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Biopolymer networks

Figure 1Sketch of an animal cell with the shape-determining cytoskeleton located below the outer hull of the cell. The cytoskeleton is a semi-flexible three-dimensional actin biopolymer network

Polymer networks play an important role in the biomechanics of animal cells, e.g. human cells. An example for such a polymer network is the cytoskeleton which provides a structural framework for the cell and serves as a scaffold determining the shape of the cell (Fig. 1). The cytoskeleton is a very dynamic structure decisive for the passive mechanical properties of cells, their active force production, their locomotionl, and their intracellular transport processes.

The cytoskeleton is composed of at least two types of protein filaments, actin and microtubules, held together by crosslinkers. Rigidity and dynamical properties of the network are determined by the properties of the filaments themselves and those of the crosslinkers as well as by the binding of the network to intra-cellular vesicles and to the cell membrane. To learn about the dynamical properties of the cell cytoskeleton, scientists established in-vitro models formed by reconstituted actin and microtubules filaments. A fascinating aspect in using these model networks is the large macromolecular size enabling scientists to apply modern light microscopy. Actin filaments, e.g., may have lengths up to 100 µm and they represent ideal linear, semi-flexible one-dimensional polymers whose dynamical and physical properties can be followed in real-time by the use of modern light microscopy (Fig. 2).

Figure 2

In our institute we use a confocal laser scanning fluorescence microscope (CLSM) with a field of view up to several 100 µm, a lateral resolution of about 250 nm and a time resolution in the range of 100 ms. The latter is particularly helpful to study fast moving polymer filaments. To study three-dimensional polymer networks, the CLSM is capable to scan and display horizontal sections with a resolution of about 500 nm. Individual CLSM images may be assembled to real-time movies providing additional information on the motion of individual filaments within the network not accessible from single images. We develop our own image analysis software optimized to the needs of studies of mobile objects in scanning microscope images and movies which are used to transform the image pixel information into data files suitable for further evaluation.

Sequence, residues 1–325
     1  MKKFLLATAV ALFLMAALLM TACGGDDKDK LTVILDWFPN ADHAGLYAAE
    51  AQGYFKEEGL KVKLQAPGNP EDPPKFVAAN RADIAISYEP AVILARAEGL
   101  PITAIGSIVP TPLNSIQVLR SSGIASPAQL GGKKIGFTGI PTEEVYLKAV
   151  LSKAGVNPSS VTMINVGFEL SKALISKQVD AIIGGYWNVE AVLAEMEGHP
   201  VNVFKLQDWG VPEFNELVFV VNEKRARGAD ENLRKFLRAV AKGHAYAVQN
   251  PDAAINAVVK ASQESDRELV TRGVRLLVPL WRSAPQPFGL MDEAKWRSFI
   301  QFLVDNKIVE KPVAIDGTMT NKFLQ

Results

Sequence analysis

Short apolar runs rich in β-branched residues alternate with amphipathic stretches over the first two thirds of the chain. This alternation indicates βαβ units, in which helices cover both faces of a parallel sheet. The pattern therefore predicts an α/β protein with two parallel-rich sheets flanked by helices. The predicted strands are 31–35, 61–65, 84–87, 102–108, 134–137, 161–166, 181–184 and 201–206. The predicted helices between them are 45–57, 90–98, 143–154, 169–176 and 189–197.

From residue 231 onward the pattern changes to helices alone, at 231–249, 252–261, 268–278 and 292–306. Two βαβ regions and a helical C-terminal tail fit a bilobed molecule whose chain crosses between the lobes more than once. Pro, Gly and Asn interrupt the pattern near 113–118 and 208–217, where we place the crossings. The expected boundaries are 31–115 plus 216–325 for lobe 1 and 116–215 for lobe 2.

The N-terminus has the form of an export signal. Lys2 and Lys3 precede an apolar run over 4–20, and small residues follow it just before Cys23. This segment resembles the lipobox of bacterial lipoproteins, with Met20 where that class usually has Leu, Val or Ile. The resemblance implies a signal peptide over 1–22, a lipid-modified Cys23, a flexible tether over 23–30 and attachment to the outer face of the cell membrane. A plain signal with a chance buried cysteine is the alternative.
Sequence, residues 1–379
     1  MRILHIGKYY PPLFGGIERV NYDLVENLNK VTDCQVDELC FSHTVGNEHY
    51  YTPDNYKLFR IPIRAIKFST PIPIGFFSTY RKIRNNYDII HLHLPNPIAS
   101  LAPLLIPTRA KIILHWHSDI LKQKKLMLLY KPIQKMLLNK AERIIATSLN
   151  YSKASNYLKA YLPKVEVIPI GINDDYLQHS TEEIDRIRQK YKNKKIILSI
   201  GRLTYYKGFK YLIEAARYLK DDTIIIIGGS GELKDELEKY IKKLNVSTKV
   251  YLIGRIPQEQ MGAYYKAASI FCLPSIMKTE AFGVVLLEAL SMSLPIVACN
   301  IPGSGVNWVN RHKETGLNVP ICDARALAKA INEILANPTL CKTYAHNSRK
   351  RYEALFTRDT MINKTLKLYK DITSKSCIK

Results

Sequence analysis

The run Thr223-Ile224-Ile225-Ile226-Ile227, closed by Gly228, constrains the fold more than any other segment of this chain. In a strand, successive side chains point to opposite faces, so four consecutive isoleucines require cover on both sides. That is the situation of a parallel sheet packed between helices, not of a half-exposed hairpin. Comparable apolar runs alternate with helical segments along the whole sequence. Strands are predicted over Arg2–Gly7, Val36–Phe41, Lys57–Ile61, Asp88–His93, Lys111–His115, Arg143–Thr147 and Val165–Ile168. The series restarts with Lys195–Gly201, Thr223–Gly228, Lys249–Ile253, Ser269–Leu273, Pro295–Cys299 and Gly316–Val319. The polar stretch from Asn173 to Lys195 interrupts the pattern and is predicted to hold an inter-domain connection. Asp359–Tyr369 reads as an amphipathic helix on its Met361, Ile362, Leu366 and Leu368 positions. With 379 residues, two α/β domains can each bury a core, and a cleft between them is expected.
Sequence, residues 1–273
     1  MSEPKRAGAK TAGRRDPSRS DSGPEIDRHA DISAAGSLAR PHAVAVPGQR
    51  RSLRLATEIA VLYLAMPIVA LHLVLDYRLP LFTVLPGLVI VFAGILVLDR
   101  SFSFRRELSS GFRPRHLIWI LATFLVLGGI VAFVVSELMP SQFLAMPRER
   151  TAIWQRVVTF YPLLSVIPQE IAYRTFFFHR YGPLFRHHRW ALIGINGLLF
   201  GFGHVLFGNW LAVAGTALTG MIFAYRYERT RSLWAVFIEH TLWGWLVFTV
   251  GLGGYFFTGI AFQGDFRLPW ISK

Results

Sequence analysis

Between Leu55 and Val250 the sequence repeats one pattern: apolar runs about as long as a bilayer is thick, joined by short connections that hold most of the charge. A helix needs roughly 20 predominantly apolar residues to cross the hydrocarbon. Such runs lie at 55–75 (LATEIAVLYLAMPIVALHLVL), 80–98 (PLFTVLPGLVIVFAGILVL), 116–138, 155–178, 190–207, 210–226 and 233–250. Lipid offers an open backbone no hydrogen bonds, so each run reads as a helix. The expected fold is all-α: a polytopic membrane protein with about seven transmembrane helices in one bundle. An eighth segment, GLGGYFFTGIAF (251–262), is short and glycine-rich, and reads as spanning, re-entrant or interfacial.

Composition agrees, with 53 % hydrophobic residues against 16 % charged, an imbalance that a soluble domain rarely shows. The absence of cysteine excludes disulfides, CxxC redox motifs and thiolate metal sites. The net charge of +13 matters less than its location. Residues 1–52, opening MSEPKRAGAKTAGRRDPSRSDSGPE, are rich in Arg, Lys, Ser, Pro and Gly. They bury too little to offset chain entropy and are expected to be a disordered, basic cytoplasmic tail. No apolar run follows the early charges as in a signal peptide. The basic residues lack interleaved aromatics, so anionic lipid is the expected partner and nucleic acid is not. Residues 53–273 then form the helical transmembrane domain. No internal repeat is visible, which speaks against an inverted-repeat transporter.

The research interest of our institute is mostly focused on the equilibrium properties of such three-dimensional networks. We are interested in their conformation and dynamics. Furthermore, we would like to understand their behaviour in non-equilibrium situations.

In this research enterprise, the large size of actin filaments is a great advantage. One may neglect the characteristics of individual constituents of the filaments and describe them using coarse-grained models and correlation functions. They provide dynamic as well as spatial information on the motion of the networks within entropic and energetic interaction potentials although details of the motion of individual constituents in the network filaments remain unknown. While the theoretical treatment of single filament conformation and dynamics is fairly well developed, collective phenomena still pose many challenges.



The movie shows a sequence of 100 individual confocal laser scanning microscopy (CLSM) images (420 ms/image) of labelled actin filaments in a network solution of unlabeled (and hence invisible) filaments (concentration 0.8 mg/ml). The movie covers a time span of 600 s. The field of view is 73x73 µm2.



The movie shows a sequence of 100 individual confocal laser scanning microscopy (CLSM) images (388 ms/image) of an individual actin filament in a network solution of unlabeled (and hence invisible) filaments (concentration 0.5 mg/ml). The trace of the fluctuating filaments is detected by means of a home-made computer code and analyzed with respect to the time-scaling.

1.M.A. Dichtl, E. Sackmann
"Microrheometry of semiflexible actin networks through enforced single-filament reptation: Frictional coupling and heterogeneities in entangled networks" in Proceedings of the National Academy of Sciences of the USA Vol. 99 (2002) p. 6533
2.M. Hohenadl, T. Storz, H. Kirpal, K. Kroy, R. Merkel 
"Desmin filaments studied by quasi-elastic light scattering" in Biophysical Journal Vol. 77 (1999) p. 2199
3.L. LeGoff, O. Hallatschek, E. Frey, F. Amblard 
"Tracer studies on F-actin fluctuations" in Physical Review Letters Vol. 89 (2002) p. 258101
4. C. Semmrich, T. Storz, J. Glaser, R. Merkel, A. R. Bausch, K. Kroy "Glass transition and rheological redundancy in F-actin solutions" in Proceedings of the National Academy of Sciences of the USA Vol 104 (2007) 20199-20203.
5.M. Romanowska, H. Hinsch, N. Kirchgeßner, M. Giesen, M. Degawa, B. Hoffmann, E. Frey, R. Merkel
"Direct observation of the tube model in F-actin solutions: Tube dimension and curvatures " in European Physics Letters Vol 86 (2009), 26003
6. J. Glaser, D. Chakraborty, K. Kroy, I. Lauter, M. Degawa, N. Kirchgeßner, B. Hoffmann, R. Merkel, M. Giesen "Tube width fluctuations in F-actin solutions" in Physical Review Letters Vol 105 (2010), 037801

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